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Bar graph showing results of July 2013 poll on abortion. Majority supports legal abortion, wants Constitution, not states, to decide law, opposes state laws making it more difficult for clinics to operate, and supports unconstitutional 20-week abortion bans.
A majority of Americans—55 percent—continue to think abortion should be legal in most or all cases, compared to just 41 percent who believe it should be illegal in most or all cases, a new ABC/Washington Post poll finds. Similarly, 54 percent oppose state "legislation that makes it more difficult for abortion clinics to operate," 37 percent strongly opposing it. An even larger majority—66 percent—think the U.S. Constitution, and not the states, should set abortion law. And yet a 56 percent majority thinks abortion should only be legal without restriction up to the 20 weeks that states like Texas keep passing, rather than the 24 weeks that the Supreme Court has said is constitutional. Go figure.

If nothing else, this shows the incoherence of the public debate and the weakness of opinion polling: A significant number of people told the pollster that they think the Constitution should prevail, that they oppose state laws making it more difficult for clinics to operate ... and that they support a restriction that is currently unconstitutional and that has been in the news most recently as part of a larger attempt to close abortion clinics.

I guess for some people it probably seems like a reasonable way to walk the fence, to be "moderate," "reasonable," to stay out of the big fights ... to be politely squeamish about a decision they're unlikely to face because their own lives don't involve the lack of money or access to reliable health care that make it difficult for some women to obtain an abortion early on.

But the political reality is this: 20-week bans are part of the exact same movement that wants to close abortion clinics by forcing them to meet ambulatory surgical center requirements and having doctors with admitting privileges at local hospitals. And it's certainly not linked to a movement to make birth control affordable and accessible, let alone early abortions.

Originally posted to Laura Clawson on Thu Jul 25, 2013 at 07:51 AM PDT.

Also republished by Daily Kos.


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Comment Preferences

  •  that's not incoherence; (6+ / 0-)

    it tells us that they think the SCOTUS got the details wrong.

    •  Probably closer to ignorance of what (28+ / 0-)

      Roe v Wade says. For those of us who want abortion to remain a choice, perhaps we should be educating about viability.

      For me, "mind you own damn business" works also.

      •  In the end, it is no one's business, and that is (19+ / 0-)

        the only way to end the debate, you can hate abortion all you want but it is my body

        •  And that means it is not GOD's body, and if (8+ / 0-)

          I don't believe in your god and you can;t prove your god exists, then god has nothing to say

          •  You're avoiding the obvious. (8+ / 0-)

            Don't mistake me for someone who wants to outlaw abortion. I most definitely am not.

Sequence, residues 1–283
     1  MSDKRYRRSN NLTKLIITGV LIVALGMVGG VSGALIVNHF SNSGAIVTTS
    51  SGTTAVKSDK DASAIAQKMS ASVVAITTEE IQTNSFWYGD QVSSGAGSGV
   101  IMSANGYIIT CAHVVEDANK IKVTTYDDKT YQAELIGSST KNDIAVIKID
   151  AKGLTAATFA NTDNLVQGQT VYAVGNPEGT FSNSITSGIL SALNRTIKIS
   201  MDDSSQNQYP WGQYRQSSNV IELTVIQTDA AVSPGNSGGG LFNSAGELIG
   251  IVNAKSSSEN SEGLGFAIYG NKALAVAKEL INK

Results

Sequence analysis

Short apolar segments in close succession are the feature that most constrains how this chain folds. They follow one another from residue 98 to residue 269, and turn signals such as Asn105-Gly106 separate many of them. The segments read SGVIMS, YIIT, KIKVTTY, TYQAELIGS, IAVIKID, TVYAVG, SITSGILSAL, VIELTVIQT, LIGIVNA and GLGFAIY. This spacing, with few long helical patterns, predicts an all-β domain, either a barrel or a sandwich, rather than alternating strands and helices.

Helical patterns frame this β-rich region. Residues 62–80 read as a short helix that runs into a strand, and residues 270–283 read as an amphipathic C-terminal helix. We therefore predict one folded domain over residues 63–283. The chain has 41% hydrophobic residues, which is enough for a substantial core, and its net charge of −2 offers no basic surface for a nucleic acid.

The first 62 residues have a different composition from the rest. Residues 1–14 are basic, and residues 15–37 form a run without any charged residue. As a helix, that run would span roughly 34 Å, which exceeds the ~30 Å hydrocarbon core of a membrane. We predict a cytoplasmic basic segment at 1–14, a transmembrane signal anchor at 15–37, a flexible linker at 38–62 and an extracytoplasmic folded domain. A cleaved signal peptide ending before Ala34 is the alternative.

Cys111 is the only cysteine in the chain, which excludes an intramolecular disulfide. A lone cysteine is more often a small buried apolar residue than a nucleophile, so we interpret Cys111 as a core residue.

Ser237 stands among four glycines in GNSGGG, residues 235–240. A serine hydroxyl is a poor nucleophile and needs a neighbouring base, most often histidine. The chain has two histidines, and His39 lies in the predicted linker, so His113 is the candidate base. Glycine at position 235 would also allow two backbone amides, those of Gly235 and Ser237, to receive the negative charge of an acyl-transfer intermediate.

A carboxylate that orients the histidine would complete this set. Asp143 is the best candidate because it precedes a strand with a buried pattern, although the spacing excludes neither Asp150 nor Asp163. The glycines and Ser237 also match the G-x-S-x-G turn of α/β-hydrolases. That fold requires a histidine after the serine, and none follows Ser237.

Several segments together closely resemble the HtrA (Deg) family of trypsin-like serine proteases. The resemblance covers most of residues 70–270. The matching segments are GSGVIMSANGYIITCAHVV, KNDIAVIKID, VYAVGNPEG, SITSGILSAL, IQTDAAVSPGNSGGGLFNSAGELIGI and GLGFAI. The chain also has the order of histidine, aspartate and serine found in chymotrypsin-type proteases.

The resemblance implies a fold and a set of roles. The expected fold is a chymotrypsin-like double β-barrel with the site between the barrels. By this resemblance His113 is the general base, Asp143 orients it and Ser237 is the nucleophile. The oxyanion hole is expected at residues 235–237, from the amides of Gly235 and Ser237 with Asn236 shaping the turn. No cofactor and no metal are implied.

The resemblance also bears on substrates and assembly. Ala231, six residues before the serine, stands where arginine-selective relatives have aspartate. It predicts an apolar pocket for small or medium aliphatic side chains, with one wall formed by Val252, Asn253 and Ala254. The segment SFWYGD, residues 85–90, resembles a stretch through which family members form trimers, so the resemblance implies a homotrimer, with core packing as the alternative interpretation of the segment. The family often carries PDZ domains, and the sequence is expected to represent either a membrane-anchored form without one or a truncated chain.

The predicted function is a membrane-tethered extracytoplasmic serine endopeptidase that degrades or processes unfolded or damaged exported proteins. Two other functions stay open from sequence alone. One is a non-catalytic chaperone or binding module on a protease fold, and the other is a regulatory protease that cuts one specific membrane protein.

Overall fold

But--if we want to defend the right to choose, then we have to answer the best arguments of the other side. And you're pretending their best argument doesn't exist.

            Their best argument is that, at some point, the fetus becomes a person. Thus at some point, it's not just the woman's body--it's two bodies, of two people.

            Now sure, you can say the fetus doesn't have an independent body till it's born. But that's a conclusion, not a reason. Obviously at some point before full-term birth, the fetus's brain and body become virtually indistinguishable from a newborn's. Just proposing criteria for deciding when a fetus becomes a person (e.g., at birth) is not enough; we need to give reasons why our criteria are better than their criteria.

            The most compelling reasoning I have found was set out by the science writer Gregg Easterbrook in a 2000 article in The New Republic. The full text is available here: (click the link that says "Read the article courtesy of your local library").

            The most important part:

            At about the twenty-third week the lungs become able to function, and, as a result, 23 weeks is the earliest date at which premature babies have survived. At 24 weeks the third trimester begins, and at about this time, as the cerebral cortex becomes "wired," fetal EEG readings begin to look more and more like those of a newborn...By the twenty-seventh week...the fetal EEG reading shows well-organized activity that partly oveoverlaps with the brain activity of adults, although the patterns are far from mature...By the thirty-second week, the fetal brain pattern is close to identical to that of a full-term baby.
            The implication of this is that unrestricted abortion should be available up to at least 24 weeks, and possibly up to 32 weeks; but after 32 weeks the interests of the fetus as its own person should be given some consideration under the law.

            Where to draw the line between 24 weeks and 32 weeks seems like the question deserving the most focus.

            "The true strength of our nation comes not from the might of our arms or the scale of our wealth, but from the enduring power of our ideals." - Barack Obama